Saturday, May 31, 2008


I've been mulling over Tarakuanyin's recent post
which eloquently puts into words much of my own thoughts and feelings about blogs and blogging.

My favourite bloggers have a common thread: a degree of self-revelation. They are personal bloggers. They communicate in prose and poetry and pictures. They write about places they have visited. They write about their passions, their loves, their children and their childhood, their interests, their joys, and a connection is forged. They sometimes post pictures of the intricate and beautiful things they have made. Perhaps they write about their politics. It doesn't matter to me whether they are "good" writers. What is a good writer anyway? From heart and mind to heart and mind and my online world becomes a larger yet more intimate place. They may write about more general topics as well, and I'm glad to read these posts, but I'm not sure I'd be visiting the blogs regularly without the personal.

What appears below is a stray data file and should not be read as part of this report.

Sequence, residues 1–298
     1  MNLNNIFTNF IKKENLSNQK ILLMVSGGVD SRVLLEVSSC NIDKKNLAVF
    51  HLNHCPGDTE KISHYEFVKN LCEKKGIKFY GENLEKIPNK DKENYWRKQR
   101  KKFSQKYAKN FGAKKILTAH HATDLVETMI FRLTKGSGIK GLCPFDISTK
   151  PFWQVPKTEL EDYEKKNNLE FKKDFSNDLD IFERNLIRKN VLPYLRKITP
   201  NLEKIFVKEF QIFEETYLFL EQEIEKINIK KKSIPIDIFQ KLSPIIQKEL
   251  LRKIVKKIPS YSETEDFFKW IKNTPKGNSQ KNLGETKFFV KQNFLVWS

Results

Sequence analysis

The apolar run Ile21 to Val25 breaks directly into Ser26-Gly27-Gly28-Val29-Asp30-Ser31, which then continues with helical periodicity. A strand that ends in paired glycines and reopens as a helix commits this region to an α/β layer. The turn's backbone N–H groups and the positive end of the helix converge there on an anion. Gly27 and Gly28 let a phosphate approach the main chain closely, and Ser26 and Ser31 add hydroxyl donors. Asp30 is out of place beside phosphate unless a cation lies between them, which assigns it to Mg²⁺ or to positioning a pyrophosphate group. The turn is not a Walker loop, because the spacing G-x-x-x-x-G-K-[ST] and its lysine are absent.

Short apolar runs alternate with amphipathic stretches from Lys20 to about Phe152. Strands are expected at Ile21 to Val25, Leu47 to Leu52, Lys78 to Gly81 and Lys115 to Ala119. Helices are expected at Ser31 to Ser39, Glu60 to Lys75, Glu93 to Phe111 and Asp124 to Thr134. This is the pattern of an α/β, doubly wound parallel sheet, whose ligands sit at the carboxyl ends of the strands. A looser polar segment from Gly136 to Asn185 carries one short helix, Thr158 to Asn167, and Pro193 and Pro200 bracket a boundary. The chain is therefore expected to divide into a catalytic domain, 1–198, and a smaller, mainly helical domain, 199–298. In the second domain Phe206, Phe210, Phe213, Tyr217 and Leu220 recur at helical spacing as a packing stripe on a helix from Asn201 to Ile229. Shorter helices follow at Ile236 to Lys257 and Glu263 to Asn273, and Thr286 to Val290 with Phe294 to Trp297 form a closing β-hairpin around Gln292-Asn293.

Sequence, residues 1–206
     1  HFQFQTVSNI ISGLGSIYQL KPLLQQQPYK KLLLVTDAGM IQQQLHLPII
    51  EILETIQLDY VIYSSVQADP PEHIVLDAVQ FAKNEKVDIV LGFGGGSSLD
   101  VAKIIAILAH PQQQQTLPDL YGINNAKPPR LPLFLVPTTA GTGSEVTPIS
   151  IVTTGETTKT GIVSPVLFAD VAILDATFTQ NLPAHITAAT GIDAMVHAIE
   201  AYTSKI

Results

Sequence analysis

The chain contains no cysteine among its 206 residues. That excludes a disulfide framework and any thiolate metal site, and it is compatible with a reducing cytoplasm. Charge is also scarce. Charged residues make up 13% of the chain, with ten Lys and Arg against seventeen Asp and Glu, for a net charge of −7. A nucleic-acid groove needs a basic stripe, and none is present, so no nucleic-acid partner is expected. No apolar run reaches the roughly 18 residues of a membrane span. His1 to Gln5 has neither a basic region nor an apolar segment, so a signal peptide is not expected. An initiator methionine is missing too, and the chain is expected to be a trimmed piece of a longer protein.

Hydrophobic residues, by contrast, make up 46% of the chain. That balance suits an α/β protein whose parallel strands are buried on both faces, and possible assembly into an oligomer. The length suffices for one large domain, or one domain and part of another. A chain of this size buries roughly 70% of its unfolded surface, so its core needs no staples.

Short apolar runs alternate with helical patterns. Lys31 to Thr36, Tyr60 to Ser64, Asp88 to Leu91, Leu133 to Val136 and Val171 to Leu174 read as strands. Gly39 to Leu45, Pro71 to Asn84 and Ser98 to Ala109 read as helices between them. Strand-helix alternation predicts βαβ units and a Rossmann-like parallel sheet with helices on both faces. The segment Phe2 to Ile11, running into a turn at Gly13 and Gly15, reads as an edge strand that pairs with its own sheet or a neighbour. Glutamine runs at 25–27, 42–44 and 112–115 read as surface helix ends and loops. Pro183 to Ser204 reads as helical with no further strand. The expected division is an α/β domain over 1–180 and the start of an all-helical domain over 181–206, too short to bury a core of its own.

Having said that, although I would class myself as a personal blogger I'm finding it difficult currently to blog about myself in any great depth. At one time I was far more open in cyberspace but now there are draft posts galore where I've opened my heart and where I hold back from pressing the Publish button. Some of it is a desire to remain anonymous. I can't resist posting about the area I live in - so much is new (to me) and fills me with joy and pleasure to the point that I want to share it in words and pictures - but I shy away from self-revealing in case an acquaintance hereabouts homes in on a give-away detail. I think about boundaries and this gives me more reason to pause.